Formulas to be able to answer these Run Chart questions


Involved In Discussions
last one for today:

A run chart has recorded the following values (assume 95% confidence)
10, 8, 6, 14, 16, 14, 18, 20, 8, 10, 10, 10.

a) the actual number of runs
b) the expected number of runs
c) the centerline plotted value
d) would this data pass a runs analysis test?

I can't find any formulas to be able to answer these run chart questions. Can anyone help?



The best way is to put data in Minitab & create a run chart. You can count number of runs by looking at chart. As pointed out minitab documentation has all the detailed formulas for test of randomness.


Involved In Discussions

This is a test question, and during the test, students don't have access to Minitab or the Internet. Just their notes/textbooks. So, they are expected to know it cold just based on experience and what is in front of them.

My problem is that even with my Internet searches, I still wouldn't be able to answer it. Same for the other questions I've posted here.

I will take a look at Minitab's documentation to see if there is anything there that will help.

Thanks for the reply and info, and have a good one!



Quite Involved in Discussions
I've always been an advocate of understanding a concept before turning "responsibility" for a calculation over to any kind of software.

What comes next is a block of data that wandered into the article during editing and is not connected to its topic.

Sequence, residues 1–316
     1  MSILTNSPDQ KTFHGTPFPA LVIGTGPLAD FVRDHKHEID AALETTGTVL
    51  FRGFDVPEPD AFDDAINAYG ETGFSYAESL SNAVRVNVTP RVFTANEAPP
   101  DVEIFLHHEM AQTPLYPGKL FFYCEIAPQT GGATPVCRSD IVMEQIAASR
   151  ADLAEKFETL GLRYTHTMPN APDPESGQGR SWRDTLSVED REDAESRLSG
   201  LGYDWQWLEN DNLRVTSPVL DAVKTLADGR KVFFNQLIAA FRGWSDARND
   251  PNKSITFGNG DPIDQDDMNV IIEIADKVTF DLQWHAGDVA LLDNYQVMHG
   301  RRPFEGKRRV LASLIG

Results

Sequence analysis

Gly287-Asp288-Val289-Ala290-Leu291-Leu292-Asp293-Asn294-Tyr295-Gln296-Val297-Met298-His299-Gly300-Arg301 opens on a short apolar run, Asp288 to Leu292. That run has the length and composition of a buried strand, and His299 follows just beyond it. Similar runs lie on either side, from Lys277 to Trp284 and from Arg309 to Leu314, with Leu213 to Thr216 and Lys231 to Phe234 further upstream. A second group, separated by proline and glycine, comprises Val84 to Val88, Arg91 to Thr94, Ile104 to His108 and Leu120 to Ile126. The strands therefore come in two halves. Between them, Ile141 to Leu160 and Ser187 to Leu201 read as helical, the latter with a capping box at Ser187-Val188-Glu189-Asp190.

Does this help with the actual vs expected values?


  • Formulas to be able to answer these Run Chart questions
    Runs Test.JPG
    63 KB · Views: 259


Involved In Discussions
Not sure what text book you are using (Montgomery is probably the gold standard) but I'm sure the formulas are readily shown and easy to calculate with a calculator that performs standard deviation. The first three of the four are really understanding questions.

Here's my shot at it w/o looking up anything:
a. 12 (12 data points, each one is a run point)
b. 20 (95% confidence means 1/20 false reject so your Avg Run length is 20 when you use 95% bounds)
c. The centerline of a control chart is just the average of the values. Add the values and divide by 12. (I get 144/12=12 in my head)
d. Determine the actual control limits (avg +2 sd and avg -2 sd) and which/any fall outside (2sd should be a good enough approximation of 95%) I don't have a calculator near me.



Involved In Discussions
A random web app seems to say the standard deviation is a bit more than 4 do control limits would be and 20.yyy so none of the run points would be rejected.

Top Bottom